Thursday, February 7 from 4 - 6 PM
Location: 1501 UH
Sissi/Xixi/茜茜: How An Austrian Empress Becomes the Princess of Communist China
Ke-chin Hsia and Fei-Hsien Wang, Indiana University
Why and how did Sissi/Empress Elisabeth of Austria (1837-1898) became such a popular icon in China after the mid-1980s? We explore the post-Mao Chinese obsession with "Sissi" or, more accurately, the fictionalized depiction of her in the 1950s German/Austrian film trilogy starring Romy Schneider. Our effort to solve the puzzle begins with the film trilogy's entry to China in the age of "Reform and Opening Up," when the cinematic Sissi established her dominance in defining what is desirable in matters "European," and began to serve as an central reference point as well as a role model to many in China. In today's China, Sissi has morphed into a locally-created figure Xixi. Her legacy and images have been used to sell underwear, breast augmentation, apartments, yogurt, and the "Belt and Road" initiative. Sissi/Xixi's career in the ever-changing contemporary China illustrates not only the mythologized Sissi's cross-cultural mobility and malleability, but also how the contemporary Chinese have reconstructed their images of Europe and empires.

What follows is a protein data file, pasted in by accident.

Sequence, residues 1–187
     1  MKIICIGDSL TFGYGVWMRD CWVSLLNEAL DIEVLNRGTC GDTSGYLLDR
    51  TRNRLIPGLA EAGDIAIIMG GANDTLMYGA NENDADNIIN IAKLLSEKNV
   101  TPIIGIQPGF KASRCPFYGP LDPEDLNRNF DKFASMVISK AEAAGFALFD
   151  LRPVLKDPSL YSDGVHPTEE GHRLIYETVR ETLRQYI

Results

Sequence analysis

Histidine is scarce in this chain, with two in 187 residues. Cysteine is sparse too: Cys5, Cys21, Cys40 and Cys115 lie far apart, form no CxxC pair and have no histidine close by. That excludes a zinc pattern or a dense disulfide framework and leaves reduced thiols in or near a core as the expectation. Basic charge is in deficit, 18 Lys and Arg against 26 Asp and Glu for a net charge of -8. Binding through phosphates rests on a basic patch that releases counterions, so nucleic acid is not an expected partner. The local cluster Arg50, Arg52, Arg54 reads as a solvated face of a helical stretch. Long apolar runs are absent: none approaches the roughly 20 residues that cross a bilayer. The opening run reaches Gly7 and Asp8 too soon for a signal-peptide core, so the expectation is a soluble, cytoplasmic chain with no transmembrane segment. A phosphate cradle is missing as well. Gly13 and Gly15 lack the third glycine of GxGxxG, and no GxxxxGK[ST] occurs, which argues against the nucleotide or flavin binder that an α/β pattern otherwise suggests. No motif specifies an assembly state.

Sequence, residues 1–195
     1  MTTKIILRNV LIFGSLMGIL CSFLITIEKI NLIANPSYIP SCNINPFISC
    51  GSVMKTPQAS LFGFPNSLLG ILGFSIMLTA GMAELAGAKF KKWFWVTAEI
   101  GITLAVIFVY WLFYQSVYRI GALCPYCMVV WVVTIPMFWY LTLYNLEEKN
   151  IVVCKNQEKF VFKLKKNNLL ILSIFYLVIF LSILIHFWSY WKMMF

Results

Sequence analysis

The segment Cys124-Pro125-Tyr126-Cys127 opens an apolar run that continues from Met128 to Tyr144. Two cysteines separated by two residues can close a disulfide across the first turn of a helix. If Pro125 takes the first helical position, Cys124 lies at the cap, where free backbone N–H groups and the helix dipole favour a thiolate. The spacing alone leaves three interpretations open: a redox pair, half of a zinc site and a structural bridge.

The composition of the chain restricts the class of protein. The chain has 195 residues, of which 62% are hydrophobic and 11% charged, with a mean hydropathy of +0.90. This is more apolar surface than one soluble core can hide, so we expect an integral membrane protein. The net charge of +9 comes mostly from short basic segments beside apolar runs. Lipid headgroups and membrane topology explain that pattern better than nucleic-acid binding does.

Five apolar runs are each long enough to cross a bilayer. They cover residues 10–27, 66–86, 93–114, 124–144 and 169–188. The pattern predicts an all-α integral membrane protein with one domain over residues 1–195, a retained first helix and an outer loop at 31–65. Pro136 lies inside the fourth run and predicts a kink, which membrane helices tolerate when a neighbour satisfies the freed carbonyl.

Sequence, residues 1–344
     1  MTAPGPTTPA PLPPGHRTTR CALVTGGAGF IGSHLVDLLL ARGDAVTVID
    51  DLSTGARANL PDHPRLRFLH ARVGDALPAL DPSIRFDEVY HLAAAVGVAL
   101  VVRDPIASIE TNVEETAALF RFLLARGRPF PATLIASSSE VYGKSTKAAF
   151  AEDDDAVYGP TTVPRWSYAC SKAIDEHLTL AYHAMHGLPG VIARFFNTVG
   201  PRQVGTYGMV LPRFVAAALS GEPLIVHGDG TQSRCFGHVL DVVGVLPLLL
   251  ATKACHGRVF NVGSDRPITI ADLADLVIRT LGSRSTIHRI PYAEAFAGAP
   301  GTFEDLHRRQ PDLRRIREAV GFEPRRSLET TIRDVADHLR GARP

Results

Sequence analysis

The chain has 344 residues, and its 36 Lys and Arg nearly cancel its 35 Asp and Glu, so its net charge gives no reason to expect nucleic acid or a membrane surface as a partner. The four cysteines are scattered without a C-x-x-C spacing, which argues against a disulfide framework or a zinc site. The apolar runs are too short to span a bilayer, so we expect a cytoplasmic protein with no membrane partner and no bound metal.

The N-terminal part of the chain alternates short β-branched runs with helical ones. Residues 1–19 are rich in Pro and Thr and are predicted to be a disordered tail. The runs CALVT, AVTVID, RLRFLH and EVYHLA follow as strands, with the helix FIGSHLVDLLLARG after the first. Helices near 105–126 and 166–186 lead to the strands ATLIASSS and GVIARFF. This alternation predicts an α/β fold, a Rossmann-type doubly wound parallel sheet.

Ke-Chin Hsia is a Lecturer in the History Department, Indiana University Bloomington and specializes in the history of modern Central European society and politics, the First World War, and the welfare state. He is completing a book manuscript tentatively titled Victims' State: War and Welfare in Austria.\
Fei-Hsien Wang is an Assistant Professor in the History Department, Indiana University Bloomington. Her research interests include cultural economy, law, and business in the long 20th century China. Her book, Copyright in Modern China: A Social History, will be published by Princeton University Press in Fall 2019.
Sponsored by Germanic Studies, School of Literatures, Cultural Studies and Linguistics, Global Asian Studies, Institute for the Humanities